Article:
The more I hear online and from producers directly about the advice being given for handling and training these dogs to work, the more concerned I become about our future. Slow, inappropriate maturity is being held up as the expected standard for our working dogs. Effective, efficient training is being actively discouraged in favor of what I call the “killing with kindness” methods. Dogs are being confined more and more without the appropriate guidance and real working time experience needed to become confident guardians. Dogs are being micromanaged to the point where they are confused and unable to meet expectations, a serious blow to their self esteem.
Over and over, I see a lack of understanding about how the canine mind and life stages work from those in positions of influence. I’m seeing the fruits of what has been sewn by people who are more interested in self promotion and specific breed promotion than in caring for the working dog as a whole. This is never more evident than when I have to step in to a situation with an adolescent or young adult LGD who has not received what they cried out for from day one.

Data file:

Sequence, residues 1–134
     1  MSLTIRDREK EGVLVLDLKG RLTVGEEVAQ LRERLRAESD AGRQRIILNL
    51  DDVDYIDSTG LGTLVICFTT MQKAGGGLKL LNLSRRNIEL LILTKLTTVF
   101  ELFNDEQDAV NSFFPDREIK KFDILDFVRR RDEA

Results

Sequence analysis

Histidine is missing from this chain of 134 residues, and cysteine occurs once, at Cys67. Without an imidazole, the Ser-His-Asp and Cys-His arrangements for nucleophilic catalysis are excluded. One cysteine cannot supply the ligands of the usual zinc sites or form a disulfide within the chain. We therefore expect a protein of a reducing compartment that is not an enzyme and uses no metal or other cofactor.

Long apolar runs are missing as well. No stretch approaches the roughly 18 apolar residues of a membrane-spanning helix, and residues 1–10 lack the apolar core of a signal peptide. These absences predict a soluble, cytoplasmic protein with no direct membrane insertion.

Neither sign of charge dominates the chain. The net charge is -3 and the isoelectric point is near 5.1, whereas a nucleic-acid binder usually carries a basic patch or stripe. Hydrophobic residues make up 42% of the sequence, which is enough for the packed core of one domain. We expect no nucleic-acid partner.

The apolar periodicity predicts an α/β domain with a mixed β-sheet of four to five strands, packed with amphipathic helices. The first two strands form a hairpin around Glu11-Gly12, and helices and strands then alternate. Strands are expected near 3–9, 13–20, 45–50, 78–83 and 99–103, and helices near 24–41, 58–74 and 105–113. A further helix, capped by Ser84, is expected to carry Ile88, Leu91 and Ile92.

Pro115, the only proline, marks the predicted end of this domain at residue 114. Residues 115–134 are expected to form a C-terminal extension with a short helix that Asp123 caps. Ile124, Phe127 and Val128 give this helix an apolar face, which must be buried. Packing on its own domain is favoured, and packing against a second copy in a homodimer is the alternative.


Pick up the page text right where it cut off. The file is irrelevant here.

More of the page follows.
LGDs should NOT chase/mouth/attack/kill your poultry. If you can’t manage to convince them not to (or to find someone who can), keep them separated. Full stop. These inclinations should be identifiable from early on, and most easily addressed at early ages. Any focused staring, stalking, pouncing and chasing should be actively discouraged. Proper behavior should be modeled and praised. Ideal modeling is by an older LGD. Placing a young pup with larger, more aggressive poultry such as geese is a good way to keep the connection with winged stock whilst ensuring a rambunctious pup cannot push them around. As a bonus, geese tend to be slower moving and don’t trigger the chase instinct as easily in young pups. If you don’t have access to larger poultry, early supervision with timely corrections is the best way to start. These corrections include redirecting (physically moving or distracting) the pup away, verbally discouraging the behavior, using spatial pressure (moving into their space in order to block or move them away) and physically correcting.  Avoid allowing the pup to have long periods of time to watch flighty birds from behind a barrier. This encourages arousal and frustration over the inability to chase. Instead, tethering for limited periods in an area where the poultry can escape from the dog or judicious use of the dangle stick can be good options. Whatever you do, don’t inadvertently encourage the inappropriate behavior by allowing the dog to practice it unchecked or by using “nagging” (ineffective) corrections.